Apple spent almost $3.4 billion on research and development over the course of its second fiscal quarter of 2018, a $602 million year-over-year increase that brings the company's six-month spend on future operations to nearly $6.8 billion.
Detailed in a Securities and Exchange Commission filing on Wednesday, Apple's $3.38 billion outlay accounts for 6 percent of its net sales for the three-month period ending in March. The figure is down about $29 million from its record-setting 2018 holiday quarter.
Though smaller on a sequential basis, the investment represents a significantly higher percentage of total net sales. Apple typically allots 4 percent or 5 percent to R&D — 4 percent in quarter one — leaving the 6 percent doled out this period on the high end of its range. The company last hit 6 percent in the third quarter of 2017, just prior to the unveiling of iPhone 8 and iPhone X.
As usual, Apple fails to detail where, exactly, the money went. Today's filing offers the same boilerplate description of ongoing development of new and updated products and services, new hires and material expenses related to R&D expansions. Apple and other tech companies routinely grow R&D expenditure as their product offerings mature, a necessary commitment for the sustainability of existing businesses.
Still, the increase in spending, as it relates to quarterly net sales, hints at work on projects that go beyond product maintenance.
Apple is widely rumored to launch a trio of new iPhone models later this year, two of which will boast OLED screens. The company is looking to capitalize on the success of its first OLED handset, the iPhone X, which has been the best-selling iPhone since its launch in November. During an earnings conference call on Tuesday, CEO Tim Cook said the March quarter was the first to see in which the most expensive iPhone was also the most popular.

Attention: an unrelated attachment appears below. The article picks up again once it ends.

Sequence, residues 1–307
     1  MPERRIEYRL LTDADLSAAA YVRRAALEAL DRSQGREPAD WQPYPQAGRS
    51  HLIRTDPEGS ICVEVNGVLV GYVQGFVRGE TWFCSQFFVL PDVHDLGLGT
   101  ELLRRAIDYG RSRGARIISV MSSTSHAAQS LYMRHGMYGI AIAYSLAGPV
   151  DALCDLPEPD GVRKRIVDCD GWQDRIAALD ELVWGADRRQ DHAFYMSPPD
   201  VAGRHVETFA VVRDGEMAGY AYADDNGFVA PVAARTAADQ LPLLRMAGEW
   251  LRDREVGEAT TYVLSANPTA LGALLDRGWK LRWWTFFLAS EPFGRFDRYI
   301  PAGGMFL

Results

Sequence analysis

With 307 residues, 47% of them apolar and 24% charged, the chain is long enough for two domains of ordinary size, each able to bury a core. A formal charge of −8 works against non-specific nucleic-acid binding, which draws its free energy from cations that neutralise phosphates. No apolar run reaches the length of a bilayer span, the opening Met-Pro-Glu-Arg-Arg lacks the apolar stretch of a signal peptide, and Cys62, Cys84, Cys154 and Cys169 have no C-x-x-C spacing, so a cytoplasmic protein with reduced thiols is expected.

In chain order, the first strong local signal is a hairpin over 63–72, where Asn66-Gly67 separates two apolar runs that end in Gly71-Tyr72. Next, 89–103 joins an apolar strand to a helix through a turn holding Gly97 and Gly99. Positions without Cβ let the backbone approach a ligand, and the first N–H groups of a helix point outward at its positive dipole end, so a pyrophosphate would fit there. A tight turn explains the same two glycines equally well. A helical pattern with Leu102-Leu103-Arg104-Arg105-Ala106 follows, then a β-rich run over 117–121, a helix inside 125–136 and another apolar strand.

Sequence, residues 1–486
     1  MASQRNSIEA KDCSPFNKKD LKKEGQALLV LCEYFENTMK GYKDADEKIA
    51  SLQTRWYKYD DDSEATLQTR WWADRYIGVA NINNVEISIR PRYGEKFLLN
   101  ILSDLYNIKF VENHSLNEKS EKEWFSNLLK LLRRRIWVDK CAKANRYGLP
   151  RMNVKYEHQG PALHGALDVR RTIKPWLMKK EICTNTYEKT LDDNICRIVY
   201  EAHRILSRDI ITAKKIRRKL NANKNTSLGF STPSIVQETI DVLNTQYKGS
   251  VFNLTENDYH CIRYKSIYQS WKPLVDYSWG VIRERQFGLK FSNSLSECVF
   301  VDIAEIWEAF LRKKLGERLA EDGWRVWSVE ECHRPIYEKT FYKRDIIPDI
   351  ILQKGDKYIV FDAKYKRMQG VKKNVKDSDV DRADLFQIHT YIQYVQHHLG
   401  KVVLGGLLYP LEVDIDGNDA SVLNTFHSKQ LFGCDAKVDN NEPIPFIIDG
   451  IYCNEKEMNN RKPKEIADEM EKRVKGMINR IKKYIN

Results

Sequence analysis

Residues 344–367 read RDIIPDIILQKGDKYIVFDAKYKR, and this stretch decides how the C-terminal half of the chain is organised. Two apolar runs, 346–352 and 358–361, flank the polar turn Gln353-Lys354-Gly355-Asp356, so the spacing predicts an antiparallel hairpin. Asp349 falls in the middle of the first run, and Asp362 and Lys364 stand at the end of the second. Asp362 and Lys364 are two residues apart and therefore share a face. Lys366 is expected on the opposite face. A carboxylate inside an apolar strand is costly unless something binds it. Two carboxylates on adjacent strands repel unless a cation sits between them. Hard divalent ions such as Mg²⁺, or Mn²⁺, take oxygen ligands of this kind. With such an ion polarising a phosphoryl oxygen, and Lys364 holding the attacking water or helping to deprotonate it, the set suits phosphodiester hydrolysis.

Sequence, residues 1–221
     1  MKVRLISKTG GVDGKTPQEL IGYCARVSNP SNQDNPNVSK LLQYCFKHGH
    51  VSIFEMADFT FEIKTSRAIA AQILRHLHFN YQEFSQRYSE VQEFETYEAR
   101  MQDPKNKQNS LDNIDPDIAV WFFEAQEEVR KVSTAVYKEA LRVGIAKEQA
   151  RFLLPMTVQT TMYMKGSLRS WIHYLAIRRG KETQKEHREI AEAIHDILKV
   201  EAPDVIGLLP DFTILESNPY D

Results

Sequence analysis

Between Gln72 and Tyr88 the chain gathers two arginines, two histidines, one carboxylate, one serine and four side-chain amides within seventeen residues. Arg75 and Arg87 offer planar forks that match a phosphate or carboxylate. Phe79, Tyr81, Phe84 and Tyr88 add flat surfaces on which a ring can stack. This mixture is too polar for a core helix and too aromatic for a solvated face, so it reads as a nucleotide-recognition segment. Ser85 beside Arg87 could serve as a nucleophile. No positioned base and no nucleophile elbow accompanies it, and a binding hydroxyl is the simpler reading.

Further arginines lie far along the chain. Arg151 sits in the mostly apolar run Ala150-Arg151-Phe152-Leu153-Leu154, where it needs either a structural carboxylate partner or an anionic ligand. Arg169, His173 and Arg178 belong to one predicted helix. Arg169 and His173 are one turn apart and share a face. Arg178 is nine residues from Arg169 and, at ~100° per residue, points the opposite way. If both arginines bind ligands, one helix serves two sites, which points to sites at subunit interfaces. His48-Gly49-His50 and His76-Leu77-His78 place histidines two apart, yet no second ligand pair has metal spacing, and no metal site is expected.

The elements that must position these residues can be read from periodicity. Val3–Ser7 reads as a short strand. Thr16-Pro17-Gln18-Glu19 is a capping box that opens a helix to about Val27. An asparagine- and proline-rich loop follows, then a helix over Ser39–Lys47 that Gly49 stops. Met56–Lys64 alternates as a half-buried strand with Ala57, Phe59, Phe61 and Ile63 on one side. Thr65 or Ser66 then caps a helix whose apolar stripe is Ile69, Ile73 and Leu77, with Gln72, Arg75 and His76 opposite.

Beyond iPhone, Apple is investing heavily in augmented reality. The company's efforts have so far been limited to iOS and ARKit, which recently received a few new features with the release of version 1.5 in iOS 11.3, but rumblings suggest big plans for the technology.
Apple is reportedly hard at work on an AR headset referred to internally as "T288." Little is known about the device, but a report last week claims current plans involve two 8K displays — one for each eye — a separate computing unit and integration with advanced communication technologies like WiGig 2.0 or 802.11ay.
The company is also moving ahead with its autonomous vehicle platform built from the remnants of "Project Titan." Currently being evaluated on California roads by what is thought to be a fleet of 45 vehicles, Apple's initiative is believed to encompass self-driving software and supporting hardware for use in third-party cars.
Other investments could include development of cutting edge health-monitoring components like a glucose sensor for Apple Watch, next-generation AirPods, a smaller HomePod speaker, branded high-end headphones and more.
Including R&D, Apple reported total operating expenses of $7.53 billion, or 12 percent of net sales.